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Mobility matters – pay attention to hoof health

Tim Henshaw Published on 06 November 2015
Hoof health

Hoof health remains one of the most critical issues for dairy farmers today.

Mobility is directly tied to hoof health, and it behooves (pun intended) dairy farmers and veterinarians to do all they can to promote hoof health, including identifying and treating hoof issues. Lameness is a key predictor of productivity and profitability, as well as an issue of animal welfare concern.

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Cow comfort is crucial. A clean, dry and comfortable environment is the first prerequisite. Stocking density is important. A stocking density greater than 85 percent can lead to cow comfort issues and subsequent hoof health issues. Cows need enough bunk space to eat and enough space to lie down.

Minimize competition if possible by grouping 2-year-olds and thin, older cows separately. Identify disadvantaged animals early and consider moving them to special-care areas. In freestall facilities, animals must have lunge room so they can stand up in a continuous and smooth movement. Improper stall design or inadequate room can lead to injured hocks, hips and hooves.

Cow comfort extends to the surfaces cows are standing on all day. Cows standing on hard concrete all day exacerbate some hoof issues, such as foot rot and laminitis. Cows restricted to concrete have more foot and leg problems. Grooved concrete provides greater grip for cows. It is important freestalls provide some cushioning for hooves.

There are a lot of options available. Sand bedding is very comfortable, and is great for hoof and leg health, but may result in issues with manure-handling equipment. Comfort mats and water-filled mattresses also provide good cow comfort measures and are great as long as they can be kept relatively dry.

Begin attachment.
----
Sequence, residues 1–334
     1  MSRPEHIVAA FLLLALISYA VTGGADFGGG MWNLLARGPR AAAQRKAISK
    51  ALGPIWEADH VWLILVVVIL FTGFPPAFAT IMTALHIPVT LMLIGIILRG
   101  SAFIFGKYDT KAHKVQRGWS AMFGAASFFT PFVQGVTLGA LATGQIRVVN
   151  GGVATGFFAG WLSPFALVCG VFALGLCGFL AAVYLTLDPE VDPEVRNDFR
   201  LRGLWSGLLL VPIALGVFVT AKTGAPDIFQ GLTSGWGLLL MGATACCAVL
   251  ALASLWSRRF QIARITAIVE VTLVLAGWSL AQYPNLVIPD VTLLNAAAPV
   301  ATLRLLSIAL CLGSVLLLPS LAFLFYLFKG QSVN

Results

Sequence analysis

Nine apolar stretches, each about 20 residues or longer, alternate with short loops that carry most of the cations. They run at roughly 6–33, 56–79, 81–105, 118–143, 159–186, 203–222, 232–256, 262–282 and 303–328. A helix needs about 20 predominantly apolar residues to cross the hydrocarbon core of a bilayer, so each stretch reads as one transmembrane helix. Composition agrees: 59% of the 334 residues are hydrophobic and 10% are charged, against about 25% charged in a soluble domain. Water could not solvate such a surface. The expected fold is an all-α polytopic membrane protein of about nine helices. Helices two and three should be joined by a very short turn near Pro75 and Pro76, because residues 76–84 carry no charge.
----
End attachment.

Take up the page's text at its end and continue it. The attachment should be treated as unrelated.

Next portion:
A number of hoof issues are influenced by moisture. Cows standing in manure are more likely to have hoof issues. Environment control is critical to minimize breeding ground for bacteria, which can impact hoof health.

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Cows on pasture need to have access to supplementary feed and water that is not surrounded by a mud hole.Consider topping off those areas with sand or a sand-gravel mixture. Wet conditions, the presence of other infected animals and poor foot hygiene are risk factors for hoof problems.

Lameness is one of the most common and economically damaging issues dairymen face. Some estimates suggest each case of lameness costs the dairy producer up to $700 including cost of treatment and loss of productivity.

Four main areas of concern include laminitis, foot rot, sole ulcers and digital dermatitis. Routine hoof trimming will identify these early and help minimize the economic loss related to these diseases. Digital dermatitis and foot rot are often the result of trauma or damage to the skin between the claws, front or back, from urine, feces or water.

This is another good reason to keep pens and barns clean, dry and free from foreign objects that could injure the hoof. Footbaths using approved solutions may help prevent the spread of infection when they are used correctly. Used incorrectly, they may actually spread the pathogens and disease-causing organisms.

Non-infectious foot problems include issues of conformation, management and nutrition. Some foot issues are a result of overcrowding and prolonged standing time. Some issues such as sole ulcers may be linked to transition ration issues resulting in metabolic problems after calving.

Happy, healthy hooves are one of the byproducts of a proper dry cow program that meets the nutritional needs of the dry cow and a transition ration that minimizes metabolic disease post-calving. Trace minerals including copper, zinc and manganese are important for hoof health and should be part of any supplement program.

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Sometimes, rations high in soluble proteins may result in greater hoof sensitivity and lameness. Consult your nutritionist or veterinarian for advice in this department. Regular maintenance from a professional hoof trimmer helps identify and treat problems early.

1. Prevention can go a long way when it comes to hoof issues. Consider this top 10 list:

2. Provide a clean and dry environment.

3. Provide non-abrasive flooring with good traction.

4. Consider stall size and bedding.

5. Avoid overcrowding and monitor stocking density.

6. Provide regular hoof maintenance and corrective trimming.

7. Use and maintain proper footbaths.

8. Feed a nutritionally balanced diet.

9. Avoid sudden feed changes.

10. Identify lame cows early and implement corrective action plans.

11. Correctively mate animals to improve feet and legs for the next generation.

Lameness is a key area of economic loss for the dairy producer. Cow comfort is key to productivity. Paying attention to hoof health is important, not just for productivity, but because it is the right thing to do.  PD

Tim Henshaw
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